Guyana is famous for its gold and diamonds, and jewellery created by local craftsmen is both exquisite and surprisingly affordable.

King’s Jewellery World Founded by Looknauth Persaud, who has been involved in the jewellery industry for over 25 years, King’s Jewellery World is a family business. It maintains a time-honoured tradition of designing and providing the finest quality jewellery, each piece handcrafted from Guyanese gold. King’s has been known as the jeweller of the West Indies Cricket Team and other international cricketers for two decades. Its famous Millennium Cricket Bracelets are sterling examples of the creativity of the jewellery industry in Guyana. The main retail branch also has a gift department offering watches, sunglasses, crystal, and leather products.

L. Seepersaud Maraj and Sons
The L. Seepersaud Maraj family has been selling fine jewellery at Stabroek Market — “under the clock” — since 1935. Elaborate gold filigree tilarees, exotic multi-tiered bracelets, and diamond rings both traditional and modern astonish shoppers, but this is also a family business in the true sense. The company’s jewellers offer a genuinely personalised service, a tribute to good relations with customers over the years. Visit any day of the week, at the shop just inside the main entrance of Stabroek Market, and you’ll see one of the three Maraj brothers keeping the family tradition alive.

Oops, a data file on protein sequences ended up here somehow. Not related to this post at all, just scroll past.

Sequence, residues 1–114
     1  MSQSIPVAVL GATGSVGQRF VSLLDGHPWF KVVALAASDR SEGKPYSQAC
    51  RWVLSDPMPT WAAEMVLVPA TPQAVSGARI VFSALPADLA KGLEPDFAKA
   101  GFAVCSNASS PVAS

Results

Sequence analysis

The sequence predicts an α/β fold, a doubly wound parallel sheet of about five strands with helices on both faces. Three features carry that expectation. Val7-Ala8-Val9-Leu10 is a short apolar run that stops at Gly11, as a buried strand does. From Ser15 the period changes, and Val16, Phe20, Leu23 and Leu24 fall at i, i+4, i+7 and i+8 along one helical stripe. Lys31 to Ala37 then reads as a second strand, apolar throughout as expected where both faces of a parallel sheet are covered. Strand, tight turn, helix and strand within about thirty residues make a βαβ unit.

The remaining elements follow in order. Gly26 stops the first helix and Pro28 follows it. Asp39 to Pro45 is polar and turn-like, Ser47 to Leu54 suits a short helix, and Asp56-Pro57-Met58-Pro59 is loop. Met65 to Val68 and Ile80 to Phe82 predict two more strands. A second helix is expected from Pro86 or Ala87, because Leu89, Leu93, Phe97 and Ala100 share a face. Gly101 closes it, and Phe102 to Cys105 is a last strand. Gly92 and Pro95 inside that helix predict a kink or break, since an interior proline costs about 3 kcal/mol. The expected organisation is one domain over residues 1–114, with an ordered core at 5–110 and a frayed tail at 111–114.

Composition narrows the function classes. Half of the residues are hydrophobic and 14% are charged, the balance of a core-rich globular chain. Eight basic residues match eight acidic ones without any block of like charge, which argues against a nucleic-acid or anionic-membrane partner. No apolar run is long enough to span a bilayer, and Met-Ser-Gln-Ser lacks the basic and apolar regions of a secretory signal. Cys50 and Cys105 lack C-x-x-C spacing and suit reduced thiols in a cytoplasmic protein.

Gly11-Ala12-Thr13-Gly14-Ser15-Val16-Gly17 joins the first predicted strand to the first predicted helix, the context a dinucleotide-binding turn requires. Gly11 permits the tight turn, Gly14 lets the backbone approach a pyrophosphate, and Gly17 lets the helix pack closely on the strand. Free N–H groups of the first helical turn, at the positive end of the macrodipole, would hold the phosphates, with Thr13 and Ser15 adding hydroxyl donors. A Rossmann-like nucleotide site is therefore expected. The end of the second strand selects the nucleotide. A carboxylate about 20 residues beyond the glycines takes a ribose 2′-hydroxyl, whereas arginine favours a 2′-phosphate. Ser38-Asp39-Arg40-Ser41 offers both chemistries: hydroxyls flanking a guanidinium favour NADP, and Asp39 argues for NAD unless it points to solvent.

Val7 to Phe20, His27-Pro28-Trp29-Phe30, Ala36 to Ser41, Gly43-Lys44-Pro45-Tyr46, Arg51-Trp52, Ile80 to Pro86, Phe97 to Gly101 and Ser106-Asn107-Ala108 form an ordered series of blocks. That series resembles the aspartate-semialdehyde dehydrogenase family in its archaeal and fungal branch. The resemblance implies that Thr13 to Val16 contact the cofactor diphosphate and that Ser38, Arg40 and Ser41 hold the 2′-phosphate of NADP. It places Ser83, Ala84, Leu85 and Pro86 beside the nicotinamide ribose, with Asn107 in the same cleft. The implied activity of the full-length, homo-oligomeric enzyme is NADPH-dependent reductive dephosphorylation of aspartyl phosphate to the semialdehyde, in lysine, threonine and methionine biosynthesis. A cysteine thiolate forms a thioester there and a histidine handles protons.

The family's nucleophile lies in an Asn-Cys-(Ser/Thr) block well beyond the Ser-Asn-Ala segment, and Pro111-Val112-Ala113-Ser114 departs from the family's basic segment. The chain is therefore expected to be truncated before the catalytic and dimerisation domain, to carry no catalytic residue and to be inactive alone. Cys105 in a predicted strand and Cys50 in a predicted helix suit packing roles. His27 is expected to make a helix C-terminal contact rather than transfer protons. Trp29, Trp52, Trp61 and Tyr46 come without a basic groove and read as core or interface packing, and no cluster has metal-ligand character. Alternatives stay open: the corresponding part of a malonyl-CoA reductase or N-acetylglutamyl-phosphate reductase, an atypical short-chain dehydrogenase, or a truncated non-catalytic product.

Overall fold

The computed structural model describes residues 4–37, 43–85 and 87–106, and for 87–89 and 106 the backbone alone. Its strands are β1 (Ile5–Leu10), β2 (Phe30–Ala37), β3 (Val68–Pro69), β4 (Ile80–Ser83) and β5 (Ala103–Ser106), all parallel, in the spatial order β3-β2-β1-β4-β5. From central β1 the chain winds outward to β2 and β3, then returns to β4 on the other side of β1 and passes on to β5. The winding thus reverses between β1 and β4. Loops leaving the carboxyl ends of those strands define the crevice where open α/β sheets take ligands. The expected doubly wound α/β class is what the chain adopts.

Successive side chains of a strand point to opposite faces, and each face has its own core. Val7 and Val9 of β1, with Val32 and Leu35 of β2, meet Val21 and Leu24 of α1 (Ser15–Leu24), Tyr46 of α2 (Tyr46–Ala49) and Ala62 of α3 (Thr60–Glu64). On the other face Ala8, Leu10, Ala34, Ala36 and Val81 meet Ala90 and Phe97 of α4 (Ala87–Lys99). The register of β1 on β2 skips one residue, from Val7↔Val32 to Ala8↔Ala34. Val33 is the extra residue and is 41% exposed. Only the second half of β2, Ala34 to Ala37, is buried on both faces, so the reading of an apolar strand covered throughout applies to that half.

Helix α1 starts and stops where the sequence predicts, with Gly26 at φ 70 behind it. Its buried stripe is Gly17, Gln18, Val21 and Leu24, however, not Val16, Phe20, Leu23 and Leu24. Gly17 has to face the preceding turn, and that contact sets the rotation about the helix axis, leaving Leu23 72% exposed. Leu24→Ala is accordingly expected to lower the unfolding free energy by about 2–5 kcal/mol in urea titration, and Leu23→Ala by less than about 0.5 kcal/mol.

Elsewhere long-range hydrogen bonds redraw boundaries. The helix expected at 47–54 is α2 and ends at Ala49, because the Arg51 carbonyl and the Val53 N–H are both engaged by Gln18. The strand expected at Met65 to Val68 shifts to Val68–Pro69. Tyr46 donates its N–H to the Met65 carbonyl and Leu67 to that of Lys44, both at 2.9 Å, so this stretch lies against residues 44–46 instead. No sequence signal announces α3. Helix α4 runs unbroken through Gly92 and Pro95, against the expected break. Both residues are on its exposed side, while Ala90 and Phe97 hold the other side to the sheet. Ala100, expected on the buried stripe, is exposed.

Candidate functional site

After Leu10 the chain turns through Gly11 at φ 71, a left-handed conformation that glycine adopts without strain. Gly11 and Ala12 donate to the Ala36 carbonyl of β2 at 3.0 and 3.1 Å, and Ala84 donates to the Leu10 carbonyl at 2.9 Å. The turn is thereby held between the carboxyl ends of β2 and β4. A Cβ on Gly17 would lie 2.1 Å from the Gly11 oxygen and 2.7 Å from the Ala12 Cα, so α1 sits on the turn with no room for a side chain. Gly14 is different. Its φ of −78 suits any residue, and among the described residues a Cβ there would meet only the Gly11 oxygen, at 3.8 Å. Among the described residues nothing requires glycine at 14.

The Ministry of Amerindian Affairs runs a small but intriguing craft shop at its new building on Thomas Street. This is perhaps the best place in Georgetown to find traditional Amerindian craftwork, including palm hats, matapis (woven sheaths used to squeeze casareep from cassava), furniture, Wai-Wai seed necklaces and belts, balata figurines, and wood carvings.


Where to stay in the Guyanese interior.

Arrowpoint Nature Resort